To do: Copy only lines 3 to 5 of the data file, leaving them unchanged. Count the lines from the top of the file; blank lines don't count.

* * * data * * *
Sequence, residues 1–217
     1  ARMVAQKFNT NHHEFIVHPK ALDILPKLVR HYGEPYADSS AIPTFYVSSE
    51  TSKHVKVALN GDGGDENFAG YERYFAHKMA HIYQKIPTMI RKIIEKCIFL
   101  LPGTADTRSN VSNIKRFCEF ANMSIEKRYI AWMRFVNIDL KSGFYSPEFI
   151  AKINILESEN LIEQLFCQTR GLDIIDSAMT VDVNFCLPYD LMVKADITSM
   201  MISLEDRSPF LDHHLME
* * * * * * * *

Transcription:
    51  TSKHVKVALN GDGGDENFAG YERYFAHKMA HIYQKIPTMI RKIIEKCIFL
   101  LPGTADTRSN VSNIKRFCEF ANMSIEKRYI AWMRFVNIDL KSGFYSPEFI
   151  AKINILESEN LIEQLFCQTR GLDIIDSAMT VDVNFCLPYD LMVKADITSM